Posted at 19:25h
This is part of our Case Studies in Headache Series which can be found in the National Headache Foundation's newsletter, the NHF Head Lines.
By Philip Bain, M.D.
Wilkinson Medical Clinic Hartland, Wisconsin
in Ask the Expert
C.B. is a 45-year-old female who presented to her new primary care physician recently to establish care. She has been quite healthy except for recurrent sinus headaches
. These headaches began approximately 15 years ago and, at least initially, nearly always responded to antibiotics. She had an agreement with her previous healthcare provider that when her sinuses acted up, he would call in a prescription for a course of antibiotics. After taking the antibiotics for 2-3 days, her headaches would almost always go away.
The headaches were located over the forehead and cheeks. She rarely noted fevers or chills, but would often have clear nasal discharge and nasal congestion. Her stomach was also upset, which she attributed to post nasal drainage. The episodes would occur 8-9 times per year and, at times, were so bad that she would have to miss work because of the pain. Because of her frequent episodes, she had been referred to an ENT physician. He ordered a CT scan of her sinuses which showed mild inflammation of the lining of the sinuses as well as a deviated septum. C.B. underwent two separate surgeries to correct the septal deviation and to improve the drainage from the sinus passages. The headaches improved after the first surgery, but then gradually returned to their previous pattern.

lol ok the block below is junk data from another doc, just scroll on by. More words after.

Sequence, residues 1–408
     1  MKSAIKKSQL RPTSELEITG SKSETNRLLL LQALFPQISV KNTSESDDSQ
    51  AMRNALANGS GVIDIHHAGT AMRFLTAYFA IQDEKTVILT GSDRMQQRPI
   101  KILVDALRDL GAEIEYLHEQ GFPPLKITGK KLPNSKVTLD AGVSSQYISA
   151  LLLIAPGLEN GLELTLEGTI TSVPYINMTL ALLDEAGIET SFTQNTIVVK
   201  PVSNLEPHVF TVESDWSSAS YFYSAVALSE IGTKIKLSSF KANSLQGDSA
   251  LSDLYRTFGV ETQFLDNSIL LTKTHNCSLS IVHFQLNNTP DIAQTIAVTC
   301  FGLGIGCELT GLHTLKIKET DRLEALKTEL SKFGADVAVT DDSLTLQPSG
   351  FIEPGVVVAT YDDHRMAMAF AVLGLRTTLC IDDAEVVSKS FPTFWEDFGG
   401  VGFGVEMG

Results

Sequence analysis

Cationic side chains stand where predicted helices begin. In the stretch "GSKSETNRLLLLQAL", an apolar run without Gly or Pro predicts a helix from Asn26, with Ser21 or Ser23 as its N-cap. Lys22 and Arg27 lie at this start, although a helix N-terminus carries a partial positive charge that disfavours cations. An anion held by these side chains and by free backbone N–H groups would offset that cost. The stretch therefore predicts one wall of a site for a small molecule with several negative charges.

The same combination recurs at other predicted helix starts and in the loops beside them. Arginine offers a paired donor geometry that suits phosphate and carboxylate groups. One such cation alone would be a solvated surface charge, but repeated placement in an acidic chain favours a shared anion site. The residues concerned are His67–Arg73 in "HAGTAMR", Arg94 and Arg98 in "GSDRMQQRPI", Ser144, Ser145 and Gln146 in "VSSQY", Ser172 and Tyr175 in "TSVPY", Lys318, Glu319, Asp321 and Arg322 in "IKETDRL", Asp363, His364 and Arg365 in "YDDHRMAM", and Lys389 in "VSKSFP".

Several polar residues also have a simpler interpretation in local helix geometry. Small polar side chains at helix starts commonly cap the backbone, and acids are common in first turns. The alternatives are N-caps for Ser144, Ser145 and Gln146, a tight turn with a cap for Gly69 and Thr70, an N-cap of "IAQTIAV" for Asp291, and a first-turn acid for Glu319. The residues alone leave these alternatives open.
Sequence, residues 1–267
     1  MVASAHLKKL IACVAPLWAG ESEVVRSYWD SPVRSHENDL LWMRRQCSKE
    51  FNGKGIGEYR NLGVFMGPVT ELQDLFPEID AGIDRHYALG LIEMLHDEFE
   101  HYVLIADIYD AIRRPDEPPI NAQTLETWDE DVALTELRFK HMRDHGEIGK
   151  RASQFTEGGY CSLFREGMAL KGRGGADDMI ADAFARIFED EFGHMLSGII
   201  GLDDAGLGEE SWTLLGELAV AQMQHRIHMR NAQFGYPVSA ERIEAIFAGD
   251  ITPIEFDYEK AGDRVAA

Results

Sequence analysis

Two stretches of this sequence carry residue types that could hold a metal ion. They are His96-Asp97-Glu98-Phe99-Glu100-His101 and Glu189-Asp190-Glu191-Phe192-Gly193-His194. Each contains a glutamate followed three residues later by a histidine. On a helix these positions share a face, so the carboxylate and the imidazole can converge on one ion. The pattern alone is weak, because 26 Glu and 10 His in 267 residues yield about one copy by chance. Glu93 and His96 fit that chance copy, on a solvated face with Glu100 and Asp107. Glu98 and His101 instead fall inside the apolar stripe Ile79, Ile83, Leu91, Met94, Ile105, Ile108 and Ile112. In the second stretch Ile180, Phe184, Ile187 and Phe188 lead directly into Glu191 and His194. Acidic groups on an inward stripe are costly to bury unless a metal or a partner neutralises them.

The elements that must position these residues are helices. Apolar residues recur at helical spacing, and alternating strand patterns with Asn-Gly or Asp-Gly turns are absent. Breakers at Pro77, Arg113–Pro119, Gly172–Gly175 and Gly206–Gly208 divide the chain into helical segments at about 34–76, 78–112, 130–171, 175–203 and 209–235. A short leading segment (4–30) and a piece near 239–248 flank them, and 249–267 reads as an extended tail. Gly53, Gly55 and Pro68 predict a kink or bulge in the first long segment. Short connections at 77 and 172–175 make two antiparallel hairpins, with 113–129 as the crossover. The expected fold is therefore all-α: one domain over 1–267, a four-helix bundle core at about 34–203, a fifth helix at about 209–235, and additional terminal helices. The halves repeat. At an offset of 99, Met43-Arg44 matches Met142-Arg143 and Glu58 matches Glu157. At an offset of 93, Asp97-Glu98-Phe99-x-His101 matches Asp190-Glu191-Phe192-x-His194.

C.B. saw numerous other healthcare providers over the years for these sinus headaches and even tried such therapies as acupuncture, chiropractic, cranial sacral therapy, and a TMJ splint. She presented to her new primary care physician frustrated and resigned to suffer from these recurrent headaches.
This case represents a classic example of a patient with a long history of headaches, incorrectly attributed to recurrent sinus infections. The likelier cause of her headaches is migraine without aura. This is an important presentation of migraine to recognize because it is too often misdiagnosed, but very treatable. It can be very difficult for patients to accept that their headaches are migraine and not sinus-related. This can lead to years of inappropriate treatment and needless suffering.